An ancient and dangerous power is being handed down from mother to daughter through some of the most consequential historic events of the last two centuries. After Grandmére Ursule gives her life to save her tribe, her magic seems to die with her. Even so, her family keeps the Old Faith, practicing the spells and rites that have been handed from mother to daughter for generations. Until one day, Ursule’s young granddaughter steps into the circle, and magic flows anew. From early 19th century Brittany to London during the Second World War, five generations of witches fight the battles of their time, deciding how far they are willing to go to protect their family, their heritage, and ultimately, all of our futures.
Published September 5th 2017 by Orbit
Three and a half stars: A lengthy novel that explores the tradition of witch craft over two hundred years as it is passed from mother to daughter.
It is the eighteen hundreds, witches aren’t hunted and burned at the stake like they once were, but make no mistake, being branded a witch still has devastating consequences even two hundred years past the height of the witch hunts. That is why on this particular night, the Orchiere family is on the road, fleeing the villagers who mean to persecute them. Grandmere Ursule pushes out her powers to cloak them, giving her life in the process. She leaves behind her clan, but her magic seems to die with her. Until one day, the youngest of the Orcheres, Nanette, realizes her powers. The power is once again wielded and passed from mother to daughter. Will they power serve for good or ill?
What I Liked:
- A History of Witches is a lengthy, multi generational novel that spans two hundred years, over the lives of five witches. If you have the patience for this type of novel, and you don’t mind the slow pace, this is an interesting novel to take on. I rather enjoyed this tale.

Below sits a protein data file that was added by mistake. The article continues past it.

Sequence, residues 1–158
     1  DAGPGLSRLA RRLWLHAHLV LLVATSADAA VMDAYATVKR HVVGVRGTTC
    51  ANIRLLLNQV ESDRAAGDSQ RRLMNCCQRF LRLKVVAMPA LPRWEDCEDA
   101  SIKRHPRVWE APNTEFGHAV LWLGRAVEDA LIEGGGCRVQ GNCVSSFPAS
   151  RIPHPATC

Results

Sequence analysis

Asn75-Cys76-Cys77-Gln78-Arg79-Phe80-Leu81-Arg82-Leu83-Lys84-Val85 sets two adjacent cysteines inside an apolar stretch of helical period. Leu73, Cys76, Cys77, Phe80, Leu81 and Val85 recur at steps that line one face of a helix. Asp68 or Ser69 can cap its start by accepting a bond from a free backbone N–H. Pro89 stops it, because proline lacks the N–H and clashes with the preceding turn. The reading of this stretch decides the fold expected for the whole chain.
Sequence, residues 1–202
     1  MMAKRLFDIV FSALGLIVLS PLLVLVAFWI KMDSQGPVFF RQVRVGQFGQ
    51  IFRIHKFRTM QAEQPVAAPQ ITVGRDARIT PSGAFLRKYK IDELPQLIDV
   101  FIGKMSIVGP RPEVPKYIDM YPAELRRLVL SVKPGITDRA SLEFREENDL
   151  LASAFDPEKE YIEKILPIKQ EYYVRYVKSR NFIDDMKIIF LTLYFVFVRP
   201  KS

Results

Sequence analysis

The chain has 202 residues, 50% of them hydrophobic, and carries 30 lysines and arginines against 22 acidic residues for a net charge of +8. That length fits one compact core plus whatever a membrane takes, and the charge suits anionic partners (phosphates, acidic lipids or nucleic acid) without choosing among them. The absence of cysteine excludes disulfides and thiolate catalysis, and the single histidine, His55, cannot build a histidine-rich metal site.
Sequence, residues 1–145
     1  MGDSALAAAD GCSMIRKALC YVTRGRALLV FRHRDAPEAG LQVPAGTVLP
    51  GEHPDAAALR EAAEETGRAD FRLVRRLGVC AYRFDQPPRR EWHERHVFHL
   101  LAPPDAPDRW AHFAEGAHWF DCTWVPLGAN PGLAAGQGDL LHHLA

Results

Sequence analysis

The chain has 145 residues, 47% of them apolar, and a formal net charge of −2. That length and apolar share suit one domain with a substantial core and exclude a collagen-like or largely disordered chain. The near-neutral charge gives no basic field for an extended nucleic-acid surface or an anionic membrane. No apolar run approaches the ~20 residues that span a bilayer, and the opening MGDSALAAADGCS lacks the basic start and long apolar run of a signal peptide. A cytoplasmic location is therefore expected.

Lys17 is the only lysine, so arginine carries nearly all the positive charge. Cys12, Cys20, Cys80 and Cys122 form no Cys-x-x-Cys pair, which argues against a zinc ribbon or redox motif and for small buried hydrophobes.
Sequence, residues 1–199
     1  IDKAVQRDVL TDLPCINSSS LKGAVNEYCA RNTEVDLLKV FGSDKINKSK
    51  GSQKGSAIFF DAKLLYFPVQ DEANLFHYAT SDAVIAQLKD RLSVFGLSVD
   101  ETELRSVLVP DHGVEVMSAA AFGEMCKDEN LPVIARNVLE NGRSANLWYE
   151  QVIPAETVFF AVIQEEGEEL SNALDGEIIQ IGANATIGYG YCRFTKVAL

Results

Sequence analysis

- I liked that each witch was unique and each wielded the power in a different way. Some hardly used it, while others snatched it up and bent the power for their own personal gain. Of course, I found myself drawn more to certain witches than others, but they each were interesting to follow.
- I enjoyed the changing of the points of views and the changing of the times. I also appreciated that the book started in the early 1800s and spanned through World War II which isn’t the typical time frame for a witch book. It was nice to get something beyond the seventeenth century when witch hunting was at its peak. I especially liked the final chapters that were set durning World War II. I was especially surprised by how the witches wielded their powers to help the war aid, and who was involved.
- The book moves at a slow pace, and some readers might get frustrated at the pedantic pace of the story, but I rather enjoyed it. The voices shift just as each witch is coming into her power. Often the mother witch is still in the background, aging and watching her daughter and helping, while other times the witch is on her own. I liked exploring each character, watching her make mistakes, and I liked the slow pace.
- The book ends in a good spot, while the story could go on, I thought that it ended in a good place.
- I listened to he audiobook version narrated by Polly Lee. I thought Ms. Lee did a good enough job with the narration, and I think that I enjoyed this book far more on audio verses if I had read it.
And The Not So Much:
- My biggest frustration with this one was the skipping ahead in time. There were several points in the book where one witch’s story is reaching the climatic point, and then the story jumps ahead into the future with the next witch’s story. I was especially frustrated when the narration shifted from Ursule to Irene because I wanted to know much more about how Irene fared after she escaped the farm. Tiny details are given, but it wasn’t enough. Then when the narration shifts from Morwen to Veronica a great deal is skipped again, and not many of the pieces are filled in.
- The overall message of the book got to be repetitive. Basically, each witch is taught to fear men and their oppressive rule. I got it the first time around, it got old after awhile.
- I also found myself wishing that the witches had learned to do more with their powers than ensnare men to propagate their line. Finally, at least Veronica does something different with her powers.
A History of Witches is a hard book to review. On one hand, I was fascinated and riveted by the tale, but I can honestly say this isn’t a book for everyone. If you like slow paced tales that cover generations and span decades, this is for you. Don’t expect a fast paced novel with lots of action, instead you get an interesting story about how each witch learns to adapt to the times and use her powers. It requires patience, but I found it worth the effort.
I received a copy of this book from the publisher in exchange for an honest review. All opinions are my own, and I was not compensated for this review.